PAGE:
It’s February and at least in Berlin winter will last another two months, pretty reliably. That’s fine, till now it’s been mild, and eternal summer would be unbearable, and I just returned from a long week in San Francisco with its glorious light. Still, a little more sun won’t do any harm to help the daily winter dose of vitamin D. My wonderful Heinzelcheese network in late summer had a white ball from Tinos landing in my cheese stocks, and with the help of modern wrapping and storing this made its way onto the cheese board only now, in the depth of winter. And there it shone and sparkled, just like the Aegian sun!
I’ve never been to Tinos, an island renowned for its Madonna church, its dove cotes, and its white marble. And I don’t read Greek. Which is why I don’t really know that much about the white ball. It came from the San Lorenzo creamery, where they produce old-style cheeses in modern premises, traditionally made the women in their kitchens. It is called balaki, small ball. It is made from cow’s milk. That’s all clear, Even clearer: its texture is crumbly like an Erzincan Tulum from Anatolia, but not dry.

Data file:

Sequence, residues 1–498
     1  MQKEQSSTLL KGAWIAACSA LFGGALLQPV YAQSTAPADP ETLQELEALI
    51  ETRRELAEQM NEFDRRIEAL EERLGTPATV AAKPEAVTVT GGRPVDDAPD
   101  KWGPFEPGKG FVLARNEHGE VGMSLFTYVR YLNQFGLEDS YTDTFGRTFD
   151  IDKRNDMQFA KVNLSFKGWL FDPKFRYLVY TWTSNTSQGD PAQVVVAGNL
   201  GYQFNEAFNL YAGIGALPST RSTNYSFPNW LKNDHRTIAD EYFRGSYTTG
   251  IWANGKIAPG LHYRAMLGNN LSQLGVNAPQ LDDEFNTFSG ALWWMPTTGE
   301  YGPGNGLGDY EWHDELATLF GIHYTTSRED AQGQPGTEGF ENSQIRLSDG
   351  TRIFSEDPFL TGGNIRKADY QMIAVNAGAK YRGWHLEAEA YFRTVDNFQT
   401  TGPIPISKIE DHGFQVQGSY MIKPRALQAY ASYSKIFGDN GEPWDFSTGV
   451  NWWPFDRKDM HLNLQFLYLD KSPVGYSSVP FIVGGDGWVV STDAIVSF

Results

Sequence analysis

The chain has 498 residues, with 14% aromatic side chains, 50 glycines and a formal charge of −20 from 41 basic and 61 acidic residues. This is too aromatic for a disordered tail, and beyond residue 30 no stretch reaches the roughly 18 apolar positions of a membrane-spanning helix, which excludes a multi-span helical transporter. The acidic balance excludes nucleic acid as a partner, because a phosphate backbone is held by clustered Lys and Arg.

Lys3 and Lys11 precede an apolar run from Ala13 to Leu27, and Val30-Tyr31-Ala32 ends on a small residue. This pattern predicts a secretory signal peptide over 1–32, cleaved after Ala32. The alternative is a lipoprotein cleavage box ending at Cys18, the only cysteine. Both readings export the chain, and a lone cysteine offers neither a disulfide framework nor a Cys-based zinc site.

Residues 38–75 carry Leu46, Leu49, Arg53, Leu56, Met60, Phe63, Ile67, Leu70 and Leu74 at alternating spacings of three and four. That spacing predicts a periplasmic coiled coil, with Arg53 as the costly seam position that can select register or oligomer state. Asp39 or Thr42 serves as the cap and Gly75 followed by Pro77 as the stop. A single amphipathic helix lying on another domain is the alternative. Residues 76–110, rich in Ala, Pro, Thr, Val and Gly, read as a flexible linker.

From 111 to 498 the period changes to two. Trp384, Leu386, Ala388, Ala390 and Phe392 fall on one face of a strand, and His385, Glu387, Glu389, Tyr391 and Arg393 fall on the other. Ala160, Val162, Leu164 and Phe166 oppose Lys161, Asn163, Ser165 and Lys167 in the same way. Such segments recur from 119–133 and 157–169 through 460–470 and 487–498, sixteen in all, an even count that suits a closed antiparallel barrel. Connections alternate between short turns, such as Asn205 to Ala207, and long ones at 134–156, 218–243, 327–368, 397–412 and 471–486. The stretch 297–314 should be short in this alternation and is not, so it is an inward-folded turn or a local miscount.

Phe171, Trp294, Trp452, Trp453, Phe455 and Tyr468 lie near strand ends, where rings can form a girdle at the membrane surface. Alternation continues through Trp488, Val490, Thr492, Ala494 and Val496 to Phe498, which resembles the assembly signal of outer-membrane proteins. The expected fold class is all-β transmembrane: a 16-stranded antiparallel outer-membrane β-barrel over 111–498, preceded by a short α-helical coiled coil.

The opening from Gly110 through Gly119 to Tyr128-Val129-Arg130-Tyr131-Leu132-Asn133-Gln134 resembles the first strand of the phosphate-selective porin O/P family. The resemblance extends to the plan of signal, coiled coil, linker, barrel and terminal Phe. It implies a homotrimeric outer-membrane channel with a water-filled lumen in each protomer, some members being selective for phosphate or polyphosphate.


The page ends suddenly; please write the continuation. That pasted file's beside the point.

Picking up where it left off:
And: its acidity is bright like the sun, almost like a lemon from the Amalfi coast. My colleague and friend Aglaia Kremezi who lives on Kea, says the animals graze on a lot of wild plants and herbs, and she reminds me that Patience Gray lived on Tinos and wrote her revolutionary book Honey from a Weed partly there.
No, unfortunately I don’t have a supply source around the corner for my sun ball. But I can assure you that a) even the greyest, darkest winter will come to an end, b) that book is absolutely recommended, and c) your very sun delivery will find you if you’re ready for it (sounds a little esoteric, I know, as I said, a week in San Francisco…).
PS Tinos now is on my travel wish list. Good cheeses are good ambassadors.